Anyway, despite being 76 years old, she didn't look it at all--she could have been in her 40s by the color of her hair and lack of major wrinkles...so I could never picture her as an 'old gal', and it just seemed so unfair to lose her that way. Age usually gives some warning, like the woman in your poem...but not for my mom.
I've always felt cheated in a way, that age didn't show on her, but I lost her anyway...the hurt is just the same I guess, but to me it hurt more without the obvious signs of advancing years.
Thank you for this poem--it reminded me of some fond memories with my mom, and consoled me that the old gal wasn't alone, and neither was my mom at her own end.

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On 12/10/2016 07:30 PM, ColumbusGuy said:

I'm torn by this one Gary...it was warm and touching, but it was your note saying you missed your mom that hit me the most.

You see, my mom died in 2007, five days after my birthday, and I spent most of that week in her hospital room, along with my three sisters and cousins...and three of those days I was there mostly by myself as the others took turns at the vigil.

Mom always thought her heart would be the end of her, and she was taking a lot of pills, mostly for things she didn't really have need of...but it was her diabetese and refusal of dialysis that was the final cause...she'd opted for palliative care alone, which meant no machines except some oxygen, and meds for pain relief. Refusing dialysis was due to a friend of hers having a bad experience with it, so that was all she needed to hear...stubbornness was her hallmark.

Anyway, despite being 76 years old, she didn't look it at all--she could have been in her 40s by the color of her hair and lack of major wrinkles...so I could never picture her as an 'old gal', and it just seemed so unfair to lose her that way. Age usually gives some warning, like the woman in your poem...but not for my mom.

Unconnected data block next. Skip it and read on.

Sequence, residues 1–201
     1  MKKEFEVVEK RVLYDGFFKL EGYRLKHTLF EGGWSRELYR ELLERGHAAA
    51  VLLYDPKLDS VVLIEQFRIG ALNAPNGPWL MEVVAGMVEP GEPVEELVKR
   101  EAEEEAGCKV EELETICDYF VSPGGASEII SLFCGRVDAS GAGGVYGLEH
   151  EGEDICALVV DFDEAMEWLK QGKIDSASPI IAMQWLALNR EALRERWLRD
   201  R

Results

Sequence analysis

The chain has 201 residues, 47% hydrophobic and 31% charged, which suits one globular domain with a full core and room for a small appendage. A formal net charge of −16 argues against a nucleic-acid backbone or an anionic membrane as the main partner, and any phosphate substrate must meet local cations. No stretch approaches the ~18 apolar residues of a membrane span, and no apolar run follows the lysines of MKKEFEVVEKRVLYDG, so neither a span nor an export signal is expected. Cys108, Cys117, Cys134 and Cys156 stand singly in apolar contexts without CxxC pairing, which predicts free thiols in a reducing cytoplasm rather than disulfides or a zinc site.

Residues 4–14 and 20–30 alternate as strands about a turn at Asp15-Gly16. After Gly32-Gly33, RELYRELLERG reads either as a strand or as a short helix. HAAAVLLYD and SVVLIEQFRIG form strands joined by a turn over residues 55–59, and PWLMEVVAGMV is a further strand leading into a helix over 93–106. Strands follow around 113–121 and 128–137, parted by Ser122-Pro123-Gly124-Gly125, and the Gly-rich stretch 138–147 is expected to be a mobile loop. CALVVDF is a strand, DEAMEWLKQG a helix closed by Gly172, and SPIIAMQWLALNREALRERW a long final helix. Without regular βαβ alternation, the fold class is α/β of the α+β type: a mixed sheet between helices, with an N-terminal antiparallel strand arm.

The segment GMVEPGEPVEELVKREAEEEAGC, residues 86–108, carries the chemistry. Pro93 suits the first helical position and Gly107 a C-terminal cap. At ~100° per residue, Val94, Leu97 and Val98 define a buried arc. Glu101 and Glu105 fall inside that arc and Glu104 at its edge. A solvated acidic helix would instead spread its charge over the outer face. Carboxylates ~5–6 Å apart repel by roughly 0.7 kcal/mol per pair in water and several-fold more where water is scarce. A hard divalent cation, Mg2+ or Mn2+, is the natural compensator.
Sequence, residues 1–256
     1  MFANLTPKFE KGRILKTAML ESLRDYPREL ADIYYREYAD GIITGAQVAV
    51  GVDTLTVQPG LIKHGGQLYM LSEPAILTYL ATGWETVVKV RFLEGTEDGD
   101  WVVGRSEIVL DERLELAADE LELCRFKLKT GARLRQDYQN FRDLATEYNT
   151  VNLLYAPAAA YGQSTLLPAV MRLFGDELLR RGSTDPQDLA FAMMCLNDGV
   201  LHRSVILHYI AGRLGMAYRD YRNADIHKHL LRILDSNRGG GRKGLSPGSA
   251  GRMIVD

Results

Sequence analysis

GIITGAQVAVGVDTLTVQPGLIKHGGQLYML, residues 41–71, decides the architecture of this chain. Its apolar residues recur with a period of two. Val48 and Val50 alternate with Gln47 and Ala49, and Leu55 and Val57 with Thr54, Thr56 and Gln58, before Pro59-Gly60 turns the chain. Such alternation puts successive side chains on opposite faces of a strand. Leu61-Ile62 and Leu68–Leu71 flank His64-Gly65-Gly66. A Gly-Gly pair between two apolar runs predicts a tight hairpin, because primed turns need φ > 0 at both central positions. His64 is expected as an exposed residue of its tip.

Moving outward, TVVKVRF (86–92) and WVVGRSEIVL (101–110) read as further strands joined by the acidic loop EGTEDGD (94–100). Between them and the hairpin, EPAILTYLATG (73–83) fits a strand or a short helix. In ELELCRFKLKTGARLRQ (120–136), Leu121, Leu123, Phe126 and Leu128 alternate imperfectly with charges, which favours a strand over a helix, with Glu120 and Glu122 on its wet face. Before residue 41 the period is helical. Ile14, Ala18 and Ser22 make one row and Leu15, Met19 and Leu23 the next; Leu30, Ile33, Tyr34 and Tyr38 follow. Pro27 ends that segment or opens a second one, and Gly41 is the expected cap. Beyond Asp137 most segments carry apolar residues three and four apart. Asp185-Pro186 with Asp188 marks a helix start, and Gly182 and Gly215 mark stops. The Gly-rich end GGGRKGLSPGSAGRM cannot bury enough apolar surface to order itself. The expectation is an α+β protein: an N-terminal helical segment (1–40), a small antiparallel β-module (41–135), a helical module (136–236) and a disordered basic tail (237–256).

I've always felt cheated in a way, that age didn't show on her, but I lost her anyway...the hurt is just the same I guess, but to me it hurt more without the obvious signs of advancing years.

Thank you for this poem--it reminded me of some fond memories with my mom, and consoled me that the old gal wasn't alone, and neither was my mom at her own end.

Thanks, CG. In some ways, I feel cheated too. Cancer is an ugly thing. Sometimes I believe she was lucky to not understand what was going on for some of it. She was so sweet and at times, childlike. But, she kept her dignity as well. Seeing 'old girl' was a powerful experience for me... love you, buddy... :hug:

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Well, I think its unanimous... this one had me teary as I read it. My mom is still with me, but this made me think of my grandmothers. One died when I was only twelve and the other when I was an adult, but I still sometimes see people, and meet women who bring their memories rushing back to me. I always miss them a little bit more in those moments, even as I smile. As for the term "old girl", it made me smile. I had a friend who's grandmother referred to herself, and other older women with spunk, and "old broad".
Thank you for the little trip down memory lane, my friend. :hug:

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On 12/11/2016 02:57 AM, LitLover said:

Well, I think its unanimous... this one had me teary as I read it. My mom is still with me, but this made me think of my grandmothers. One died when I was only twelve and the other when I was an adult, but I still sometimes see people, and meet women who bring their memories rushing back to me. I always miss them a little bit more in those moments, even as I smile. As for the term "old girl", it made me smile. I had a friend who's grandmother referred to herself, and other older women with spunk, and "old broad".

Thank you for the little trip down memory lane, my friend. :hug:

I'm at the point where I can be teary over my mom, and I miss her terribly, but they're mostly happy tears. She was a wonderful woman, and I cherish her flaws as much as her strengths. I never ever doubted her love for her children. Thank you, my friend, for this wonderful review... cheers :hug:

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I still have my mother with me and your poem gave me a kick that I should spend more time with her ... Thank you, Gary !

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On 12/11/2016 08:45 AM, hohochan657 said:

I still have my mother with me and your poem gave me a kick that I should spend more time with her ... Thank you, Gary !

I love hearing that, hohochan! We have to remember the clock is always ticking, and creating memories will keep you company when they're gone. Just a few minutes more... what I wouldn't give... thanks for reviewing, buddy :hug:

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On 12/12/2016 05:29 AM, Reader1810 said:

:heart::heart::heart: it.

Seems as if you got an early Christmas gift that day....

Yes, I believe I did. She fascinated me in the most amazing way. It really felt like I was looking at and talking to my mom. Thanks, Reader :hug: